"To the extent of the interest therein held as joint tenants by the decedent and any other person, or as tenants by the entirety by the decedent and spouse, or deposited, with any person carrying on the banking business, in their joint names and payable to either or the survivor, except such part thereof as may be shown to have originally belonged to such other person and never to have been received or acquired by the latter from the decedent," etc. (Italics inserted.)
In reaching this conclusion, the court is not unmindful of the elementary principle that, where the validity of a statute is assailed and there are two possible interpretations, by one of which the statute would be unconstitutional and by the other it would be valid, the court should adopt the construction which would uphold it, if the statute can be reasonably so construed. Harriman v. Interstate Commerce Comm., 211 U.S. 407, 29 S. Ct. 115, 53 L. Ed. 253; U.S. v. Delaware Hudson Co., 213 U.S. 366, 29 S. Ct. 527, 53 L. Ed. 836. But a court is not at liberty, in order to sustain a statute, to give it a forced construction, or to read into it and to interpolate words which do not appear in the language as enacted. Such the court feels it would be doing in the present case if it should hold that the proviso in section 202(c) vitiates entirely the inclusion of tenancies by the entireties.
The government, in support of the constitutionality of the act, points out that the federal estate tax is not restricted to property which the decedent owned at his death and which is then transferred, and refers to that provision of the law (section 202(b) which taxes transfers made in contemplation of death; that this was done to prevent evasion and to give practical effect to the exercise of admitted power, and that, by the same reasoning, if the value of a tenancy by the entireties is not to be treated as part of the estate of the tenant who dies first, then in those states where, as in Maryland, the common-law estate of tenancy by the entireties exists as to both real and personal property, a husband and wife may cause all of their property to be transferred to themselves as tenants by the entireties and thereby enable the estate of the one dying first completely to escape estate taxes. But this is an argument based rather upon convenience than upon sound legal principles. In judicial interpretation of legislative acts, there is no place for the adage that "the wish is father to the thought." It is true, as the Supreme Court said, in Nichols v. Coolidge, 274 U.S. 531, at 542, 47 S. Ct. 710, 713 ( 71 L. Ed. 1184, 52 A.L.R. 1081), "undoubtedly, Congress may require that property subsequently transferred in contemplation of death be treated as part of the estate for purposes of taxation. This is necessary to prevent evasion and give practical effect to the exercise of admitted power, but the right is limited by the necessity." While from a practical point of view there is force in the government's argument, in addition to what has already been said, it is sufficient to point out that, as the statute now stands, a person, in his lifetime, has the absolute right to give any or all of his property away without being subject to the tax, provided such gift be not made in contemplation of, or intended to take effect in possession or enjoyment at or after, death, but, if the gift be consummated through the creation of a tenancy by the entireties and in fact made with such contemplation or intention, it would be taxable just the same as though made in any other manner.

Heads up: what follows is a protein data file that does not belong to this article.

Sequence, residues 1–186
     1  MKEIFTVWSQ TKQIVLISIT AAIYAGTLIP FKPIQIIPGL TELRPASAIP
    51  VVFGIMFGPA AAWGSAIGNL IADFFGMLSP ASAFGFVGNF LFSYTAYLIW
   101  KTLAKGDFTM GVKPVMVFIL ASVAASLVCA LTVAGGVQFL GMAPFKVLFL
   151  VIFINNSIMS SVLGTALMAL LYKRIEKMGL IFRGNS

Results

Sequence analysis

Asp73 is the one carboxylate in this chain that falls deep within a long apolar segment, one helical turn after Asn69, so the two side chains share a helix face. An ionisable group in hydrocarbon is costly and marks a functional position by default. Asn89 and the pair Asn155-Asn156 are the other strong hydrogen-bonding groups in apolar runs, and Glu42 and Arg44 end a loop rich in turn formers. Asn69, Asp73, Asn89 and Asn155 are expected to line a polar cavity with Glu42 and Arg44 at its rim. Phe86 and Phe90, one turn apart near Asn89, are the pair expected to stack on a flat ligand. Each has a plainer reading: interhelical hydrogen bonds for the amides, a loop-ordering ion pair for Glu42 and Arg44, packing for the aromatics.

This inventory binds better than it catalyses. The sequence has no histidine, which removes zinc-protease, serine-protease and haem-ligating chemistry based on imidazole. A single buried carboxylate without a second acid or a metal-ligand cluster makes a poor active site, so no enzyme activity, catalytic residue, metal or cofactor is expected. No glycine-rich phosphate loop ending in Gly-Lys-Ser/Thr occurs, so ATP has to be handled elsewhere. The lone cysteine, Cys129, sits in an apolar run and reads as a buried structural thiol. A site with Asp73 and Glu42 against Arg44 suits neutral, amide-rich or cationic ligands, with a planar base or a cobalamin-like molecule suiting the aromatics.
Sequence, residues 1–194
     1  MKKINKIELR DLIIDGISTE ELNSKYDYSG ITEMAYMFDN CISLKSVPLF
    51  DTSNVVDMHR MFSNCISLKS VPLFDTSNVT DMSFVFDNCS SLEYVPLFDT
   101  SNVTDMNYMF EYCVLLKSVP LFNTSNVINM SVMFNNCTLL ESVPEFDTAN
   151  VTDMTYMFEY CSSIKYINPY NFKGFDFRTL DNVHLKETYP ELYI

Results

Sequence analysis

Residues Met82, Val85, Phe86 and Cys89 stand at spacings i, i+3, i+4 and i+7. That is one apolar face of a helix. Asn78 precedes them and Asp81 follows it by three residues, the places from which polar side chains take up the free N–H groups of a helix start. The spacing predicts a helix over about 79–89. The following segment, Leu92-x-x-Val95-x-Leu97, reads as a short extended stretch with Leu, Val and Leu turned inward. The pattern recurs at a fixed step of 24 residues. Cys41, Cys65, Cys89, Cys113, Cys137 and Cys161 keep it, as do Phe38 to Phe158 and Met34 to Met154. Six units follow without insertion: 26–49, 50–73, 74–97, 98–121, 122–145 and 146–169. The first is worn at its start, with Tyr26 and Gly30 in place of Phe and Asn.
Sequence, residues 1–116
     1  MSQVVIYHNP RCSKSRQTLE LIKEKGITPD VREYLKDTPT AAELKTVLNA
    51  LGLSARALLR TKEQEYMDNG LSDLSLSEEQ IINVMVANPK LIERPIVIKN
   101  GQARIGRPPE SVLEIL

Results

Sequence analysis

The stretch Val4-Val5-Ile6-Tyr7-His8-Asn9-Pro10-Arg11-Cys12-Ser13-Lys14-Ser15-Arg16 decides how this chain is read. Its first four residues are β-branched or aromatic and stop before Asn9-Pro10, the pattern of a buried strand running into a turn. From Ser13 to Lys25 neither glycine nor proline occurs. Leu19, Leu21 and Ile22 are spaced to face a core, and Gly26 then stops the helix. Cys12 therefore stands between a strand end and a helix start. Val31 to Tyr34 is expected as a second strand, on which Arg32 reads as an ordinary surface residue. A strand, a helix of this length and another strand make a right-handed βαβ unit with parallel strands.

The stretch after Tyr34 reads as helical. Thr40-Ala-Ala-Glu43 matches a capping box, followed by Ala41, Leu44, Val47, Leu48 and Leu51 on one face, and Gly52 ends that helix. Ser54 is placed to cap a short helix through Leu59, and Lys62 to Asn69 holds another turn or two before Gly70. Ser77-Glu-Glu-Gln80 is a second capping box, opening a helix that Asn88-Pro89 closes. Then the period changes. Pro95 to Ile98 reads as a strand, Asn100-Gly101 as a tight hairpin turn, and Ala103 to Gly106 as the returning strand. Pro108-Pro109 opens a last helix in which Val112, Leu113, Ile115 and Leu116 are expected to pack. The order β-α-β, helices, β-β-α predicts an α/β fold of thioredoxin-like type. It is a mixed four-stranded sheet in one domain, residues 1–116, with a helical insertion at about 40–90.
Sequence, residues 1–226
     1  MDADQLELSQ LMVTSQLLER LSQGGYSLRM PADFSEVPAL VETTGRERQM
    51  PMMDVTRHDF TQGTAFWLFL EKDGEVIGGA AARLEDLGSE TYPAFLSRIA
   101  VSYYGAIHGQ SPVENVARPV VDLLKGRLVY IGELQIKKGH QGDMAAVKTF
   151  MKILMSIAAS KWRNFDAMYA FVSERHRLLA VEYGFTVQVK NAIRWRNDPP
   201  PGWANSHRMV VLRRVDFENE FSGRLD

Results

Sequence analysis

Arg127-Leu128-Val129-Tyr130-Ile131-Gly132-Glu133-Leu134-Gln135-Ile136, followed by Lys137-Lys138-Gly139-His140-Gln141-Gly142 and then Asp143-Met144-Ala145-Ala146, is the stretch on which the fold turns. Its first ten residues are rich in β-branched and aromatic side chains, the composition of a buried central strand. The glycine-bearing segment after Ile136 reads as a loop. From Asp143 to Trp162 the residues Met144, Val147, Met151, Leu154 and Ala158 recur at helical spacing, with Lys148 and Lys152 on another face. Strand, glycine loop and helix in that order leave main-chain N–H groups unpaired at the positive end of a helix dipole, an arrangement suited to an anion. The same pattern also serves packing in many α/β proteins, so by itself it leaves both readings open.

It follows that, since the effect of section 202(c) of the act is to levy a direct tax upon the decedent's estate contrary to article 1, §§ 2 and 9, of the Constitution, that section is invalid in so far as it affects a tenancy by the entireties.
We now turn to the second and last constitutional objection, namely, that the tax, in so far as it includes tenancies by the entireties, measures the tax upon the decedent's estate by property which belongs to another, namely, the surviving spouse, and for this reason is arbitrary and capricious and in violation of the due process clause of the Fifth Amendment to the Constitution. From the conclusions just reached, the court must hold that this objection is well taken, and, such being the case, there is ample authority for declaring section 202(c) invalid on this ground as well as on the ground that it violates the other provisions of the Constitution hereinbefore named relating to direct taxation. As was said by the Supreme Court in Nichols v. Coolidge, supra, page 542 of 274 U.S. ( 47 S. Ct. 714):
"This court has recognized that a statute purporting to tax may be so arbitrary and capricious as to amount to confiscation and offend the Fifth Amendment. Brushaber v. Union Pacific R.R., 240 U.S. 1, 24 [ 36 S. Ct. 236, 60 L. Ed. 493, L.R.A. 1917D, 414, Ann. Cas. 1917B, 713]; Barclay Co. v. Edwards, 267 U.S. 442, 450 [ 45 S. Ct. 135, 348, 69 L. Ed. 703]. See, also, Knowlton v. Moore, 178 U.S. 41, 77 [ 20 S. Ct. 747, 44 L. Ed. 969]."
Recovery will therefore be allowed the plaintiffs in the sum of $3,337.67, together with interest at the rate of 6 per cent. per annum on said amount, from June 14, 1921, to the date of judgment.